"These changes were intended to herald in a new era of cheaper insurance rates, but, as a Fort Lauderdale auto accident attorney, all I've seen is accident victims unable to get the treatment they need," said Lisa S. Levine.
Fort Lauderdale, FL (PRWEB) April 15, 2013
Significant changes to Florida's personal injury protection law appear to be on the ropes, with the Legislature considering their repeal and a court in Tallahassee ruling the changes unconstitutional. The Florida Legislature should, in this session, reverse the changes, which have failed to save consumers money and have hurt victims' ability to recover, said Lisa S. Levine, Fort Lauderdale auto accident lawyer.
"These changes have hurt the consumer, both in their pocketbook and in their ability to get back on their feet after an accident," Levine said. "The Legislature needs to move forward with repeal."
The Legislature appeared poised to repeal the changes this session, with both House Speaker Will Weatherford and Senate President Don Gaetz publicly expressing concerns about the effects of the changes ("Gaetz wants explanations on PIP reform," Tampa Tribune, Feb, 20, 2013"). Both can move forward with legislation before the session's May 3rd end. However, the efforts appear to have stalled, with the Senate Banking and Insurance Committee posting a vote on a bill to repeal the PIP law entirely (Insurance Journal, "Calls for Repeal of Florida PIP Turn Silent; Next Step Uncertain," April 11, 2013).
Florida drivers are required to carry at least $10,000 in PIP coverage. PIP covers drivers in an accident, regardless of who was at fault. It covers the policy holder, the policy holder's children, members of the policy holder's household and passengers in the policy holder's vehicle who do not carry PIP themselves. If the policy holder is in a pedestrian or cycling accident with a motor vehicle, PIP covers the expenses.
The Legislature passed, and Gov. Rick Scott signed, changes to PIP regulations in 2012. Most of the major changes went into effect January 1, 2013. Under the changes, drivers are still required to carry a minimum of $10,000 in coverage. However, even though the policy holder is still paying for $10,000 in coverage, the insurance will only pay out a maximum of $2,500 for an accident, unless a doctor, osteopathic physician, dentist, supervised physician's assistant or advanced registered nurse practitioner deems an injury an "emergency medical condition."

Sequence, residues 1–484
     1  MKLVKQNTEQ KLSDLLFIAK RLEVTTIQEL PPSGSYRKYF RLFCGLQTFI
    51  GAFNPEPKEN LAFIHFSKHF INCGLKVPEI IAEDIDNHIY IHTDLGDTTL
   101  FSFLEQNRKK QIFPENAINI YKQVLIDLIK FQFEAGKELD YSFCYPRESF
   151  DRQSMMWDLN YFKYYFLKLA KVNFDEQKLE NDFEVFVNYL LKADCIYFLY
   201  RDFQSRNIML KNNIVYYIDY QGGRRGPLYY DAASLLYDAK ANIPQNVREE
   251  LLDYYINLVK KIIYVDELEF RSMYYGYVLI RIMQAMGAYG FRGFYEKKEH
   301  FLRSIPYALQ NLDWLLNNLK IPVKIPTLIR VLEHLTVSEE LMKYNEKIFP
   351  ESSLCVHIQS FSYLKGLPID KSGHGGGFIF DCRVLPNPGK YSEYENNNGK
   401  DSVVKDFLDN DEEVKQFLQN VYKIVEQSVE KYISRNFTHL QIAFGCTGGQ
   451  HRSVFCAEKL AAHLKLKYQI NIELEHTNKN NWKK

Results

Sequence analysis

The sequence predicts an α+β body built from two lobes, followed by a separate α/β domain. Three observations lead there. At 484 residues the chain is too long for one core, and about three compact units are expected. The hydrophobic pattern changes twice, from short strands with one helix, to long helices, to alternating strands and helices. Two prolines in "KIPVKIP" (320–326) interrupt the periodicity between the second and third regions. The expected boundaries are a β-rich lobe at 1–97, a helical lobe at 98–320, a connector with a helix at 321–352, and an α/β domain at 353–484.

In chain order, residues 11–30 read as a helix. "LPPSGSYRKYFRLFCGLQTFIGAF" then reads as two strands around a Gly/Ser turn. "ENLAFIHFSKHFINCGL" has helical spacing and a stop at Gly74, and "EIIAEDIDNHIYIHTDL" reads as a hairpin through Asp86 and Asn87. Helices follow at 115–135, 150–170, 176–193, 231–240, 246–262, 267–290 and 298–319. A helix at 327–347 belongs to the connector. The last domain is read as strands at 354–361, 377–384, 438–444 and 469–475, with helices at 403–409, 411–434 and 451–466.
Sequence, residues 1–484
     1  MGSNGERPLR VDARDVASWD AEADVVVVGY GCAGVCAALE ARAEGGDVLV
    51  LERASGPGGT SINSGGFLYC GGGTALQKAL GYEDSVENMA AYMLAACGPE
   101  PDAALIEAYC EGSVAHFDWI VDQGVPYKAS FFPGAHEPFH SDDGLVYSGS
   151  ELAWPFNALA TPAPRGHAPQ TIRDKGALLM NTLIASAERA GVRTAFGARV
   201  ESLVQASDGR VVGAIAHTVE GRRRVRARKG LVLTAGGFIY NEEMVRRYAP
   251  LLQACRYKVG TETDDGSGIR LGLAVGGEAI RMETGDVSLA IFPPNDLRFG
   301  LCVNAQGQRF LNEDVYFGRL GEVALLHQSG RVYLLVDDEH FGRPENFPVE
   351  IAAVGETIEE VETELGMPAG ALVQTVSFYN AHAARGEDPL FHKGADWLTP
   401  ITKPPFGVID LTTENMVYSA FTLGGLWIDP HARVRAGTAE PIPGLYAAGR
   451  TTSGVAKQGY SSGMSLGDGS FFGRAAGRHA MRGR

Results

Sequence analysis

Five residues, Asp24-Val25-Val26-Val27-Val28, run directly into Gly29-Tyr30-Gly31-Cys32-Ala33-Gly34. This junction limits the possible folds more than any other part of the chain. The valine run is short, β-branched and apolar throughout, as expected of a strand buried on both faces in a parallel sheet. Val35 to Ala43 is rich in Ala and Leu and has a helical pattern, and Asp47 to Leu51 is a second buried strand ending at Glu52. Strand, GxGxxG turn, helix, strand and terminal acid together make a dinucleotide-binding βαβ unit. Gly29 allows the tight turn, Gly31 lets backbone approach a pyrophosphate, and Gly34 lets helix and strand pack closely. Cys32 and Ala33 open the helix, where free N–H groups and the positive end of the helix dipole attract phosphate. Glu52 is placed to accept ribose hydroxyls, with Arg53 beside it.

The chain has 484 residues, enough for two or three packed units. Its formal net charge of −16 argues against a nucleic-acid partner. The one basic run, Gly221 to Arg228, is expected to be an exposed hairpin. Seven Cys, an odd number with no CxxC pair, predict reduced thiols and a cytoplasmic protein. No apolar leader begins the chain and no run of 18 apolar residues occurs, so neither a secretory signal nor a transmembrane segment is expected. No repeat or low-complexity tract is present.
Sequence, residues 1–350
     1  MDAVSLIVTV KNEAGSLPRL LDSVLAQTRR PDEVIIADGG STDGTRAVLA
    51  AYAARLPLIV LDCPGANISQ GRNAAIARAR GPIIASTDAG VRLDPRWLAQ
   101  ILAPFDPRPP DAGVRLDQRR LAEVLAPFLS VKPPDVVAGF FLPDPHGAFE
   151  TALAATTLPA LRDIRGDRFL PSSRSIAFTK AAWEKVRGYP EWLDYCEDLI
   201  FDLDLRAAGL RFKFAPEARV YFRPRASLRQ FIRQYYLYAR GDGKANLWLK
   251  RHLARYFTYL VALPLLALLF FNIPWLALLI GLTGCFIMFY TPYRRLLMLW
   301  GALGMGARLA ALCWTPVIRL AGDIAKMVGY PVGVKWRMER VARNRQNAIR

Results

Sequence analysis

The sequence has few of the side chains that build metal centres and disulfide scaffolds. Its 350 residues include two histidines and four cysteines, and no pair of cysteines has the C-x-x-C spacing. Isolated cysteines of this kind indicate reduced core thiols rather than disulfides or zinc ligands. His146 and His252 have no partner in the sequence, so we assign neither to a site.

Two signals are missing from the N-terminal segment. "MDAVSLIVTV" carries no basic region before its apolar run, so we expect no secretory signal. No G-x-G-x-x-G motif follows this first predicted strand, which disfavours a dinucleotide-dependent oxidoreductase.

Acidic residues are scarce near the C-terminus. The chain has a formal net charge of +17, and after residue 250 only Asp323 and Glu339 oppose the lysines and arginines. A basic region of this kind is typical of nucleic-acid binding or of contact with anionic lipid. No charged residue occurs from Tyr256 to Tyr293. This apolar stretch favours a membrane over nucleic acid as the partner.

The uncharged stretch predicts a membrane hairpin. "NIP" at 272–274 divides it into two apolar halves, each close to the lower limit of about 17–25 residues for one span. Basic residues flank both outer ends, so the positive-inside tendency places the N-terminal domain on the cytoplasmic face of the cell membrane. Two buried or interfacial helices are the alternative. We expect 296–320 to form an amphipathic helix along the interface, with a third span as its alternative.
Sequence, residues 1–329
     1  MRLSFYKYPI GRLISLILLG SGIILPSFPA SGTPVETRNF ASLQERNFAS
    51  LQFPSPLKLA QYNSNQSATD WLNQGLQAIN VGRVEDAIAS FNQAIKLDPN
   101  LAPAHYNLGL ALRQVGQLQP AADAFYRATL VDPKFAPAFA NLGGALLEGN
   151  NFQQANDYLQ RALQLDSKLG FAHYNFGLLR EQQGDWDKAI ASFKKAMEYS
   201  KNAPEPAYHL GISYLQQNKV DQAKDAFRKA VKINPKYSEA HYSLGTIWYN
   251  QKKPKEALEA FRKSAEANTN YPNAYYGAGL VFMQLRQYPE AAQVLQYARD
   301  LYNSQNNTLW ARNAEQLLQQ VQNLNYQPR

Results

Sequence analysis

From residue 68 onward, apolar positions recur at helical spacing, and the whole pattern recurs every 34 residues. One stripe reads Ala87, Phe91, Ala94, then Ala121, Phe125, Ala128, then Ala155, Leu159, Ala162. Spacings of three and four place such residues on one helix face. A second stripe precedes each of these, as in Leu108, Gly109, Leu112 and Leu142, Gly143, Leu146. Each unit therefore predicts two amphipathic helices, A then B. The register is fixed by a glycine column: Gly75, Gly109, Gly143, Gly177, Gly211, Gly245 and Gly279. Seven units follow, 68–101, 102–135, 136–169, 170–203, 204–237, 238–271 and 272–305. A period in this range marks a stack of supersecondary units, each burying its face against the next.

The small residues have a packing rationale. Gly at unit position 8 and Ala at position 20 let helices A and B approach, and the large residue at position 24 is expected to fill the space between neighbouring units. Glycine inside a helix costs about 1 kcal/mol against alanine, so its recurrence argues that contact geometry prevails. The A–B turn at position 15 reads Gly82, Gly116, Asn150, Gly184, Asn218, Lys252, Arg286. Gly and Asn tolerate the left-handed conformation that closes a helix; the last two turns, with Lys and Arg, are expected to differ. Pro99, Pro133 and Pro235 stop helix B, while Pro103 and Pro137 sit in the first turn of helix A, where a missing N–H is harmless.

Policy holders must now also start medical treatment within 14 days of the accident for PIP to cover anything at all.
The Legislature passed the changes to address instances of so-called fraud, where people were allegedly faking accidents. The reduction in fraud cases were supposed to be passed to the consumers. That hasn't happened, Levine said.
"These changes were intended to herald in a new era of cheaper insurance rates, but, as a Fort Lauderdale auto accident attorney, all I've seen is accident victims unable to get the treatment they need," Levine said.
It can be very difficult for accident victims to seek treatment in the short two-week window, especially those that have injuries like whiplash, which can seem minor at first but have severe effects that can disable a person, Levine said. Moreover, hospital, doctor and therapy bills can be overwhelming, even for something that wouldn't be classified as an "emergency" condition.
Leon County Circuit Judge Terry Lewis blocked part of the law, saying it doesn't give people access to courts (The News-Press, "Judge blocks part of PIP law," March 21, 2013).
"I hope, for the sake of Florida drivers, that these changes will come to an end soon, and I suggest that the Legislature take the opportunity to end it," Levine said.
Lisa S. Levine, of Lisa S. Levine, P.A., is a Fort Lauderdale auto accident attorney who represents the victims of motor vehicle accidents.